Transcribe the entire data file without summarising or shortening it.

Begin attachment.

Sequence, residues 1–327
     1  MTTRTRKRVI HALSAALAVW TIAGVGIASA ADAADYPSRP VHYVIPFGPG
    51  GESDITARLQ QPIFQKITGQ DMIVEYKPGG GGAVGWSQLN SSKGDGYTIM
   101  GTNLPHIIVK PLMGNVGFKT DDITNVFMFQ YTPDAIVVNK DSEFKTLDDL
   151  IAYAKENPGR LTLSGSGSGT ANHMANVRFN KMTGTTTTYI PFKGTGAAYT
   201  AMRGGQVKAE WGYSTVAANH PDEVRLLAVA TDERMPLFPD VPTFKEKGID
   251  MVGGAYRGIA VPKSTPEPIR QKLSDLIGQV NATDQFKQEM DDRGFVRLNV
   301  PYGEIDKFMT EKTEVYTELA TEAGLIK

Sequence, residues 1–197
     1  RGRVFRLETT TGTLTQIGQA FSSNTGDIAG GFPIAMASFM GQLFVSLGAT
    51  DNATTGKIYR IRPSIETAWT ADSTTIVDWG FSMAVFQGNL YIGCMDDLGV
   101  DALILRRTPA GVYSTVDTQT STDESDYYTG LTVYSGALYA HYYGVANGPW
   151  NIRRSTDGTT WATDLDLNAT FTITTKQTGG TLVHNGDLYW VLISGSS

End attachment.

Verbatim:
Sequence, residues 1–327
     1  MTTRTRKRVI HALSAALAVW TIAGVGIASA ADAADYPSRP VHYVIPFGPG
    51  GESDITARLQ QPIFQKITGQ DMIVEYKPGG GGAVGWSQLN SSKGDGYTIM
   101  GTNLPHIIVK PLMGNVGFKT DDITNVFMFQ YTPDAIVVNK DSEFKTLDDL
   151  IAYAKENPGR LTLSGSGSGT ANHMANVRFN KMTGTTTTYI PFKGTGAAYT
   201  AMRGGQVKAE WGYSTVAANH PDEVRLLAVA TDERMPLFPD VPTFKEKGID
   251  MVGGAYRGIA VPKSTPEPIR QKLSDLIGQV NATDQFKQEM DDRGFVRLNV
   301  PYGEIDKFMT EKTEVYTELA TEAGLIK

Sequence, residues 1–197
     1  RGRVFRLETT TGTLTQIGQA FSSNTGDIAG GFPIAMASFM GQLFVSLGAT
    51  DNATTGKIYR IRPSIETAWT ADSTTIVDWG FSMAVFQGNL YIGCMDDLGV
   101  DALILRRTPA GVYSTVDTQT STDESDYYTG LTVYSGALYA HYYGVANGPW
   151  NIRRSTDGTT WATDLDLNAT FTITTKQTGG TLVHNGDLYW VLISGSS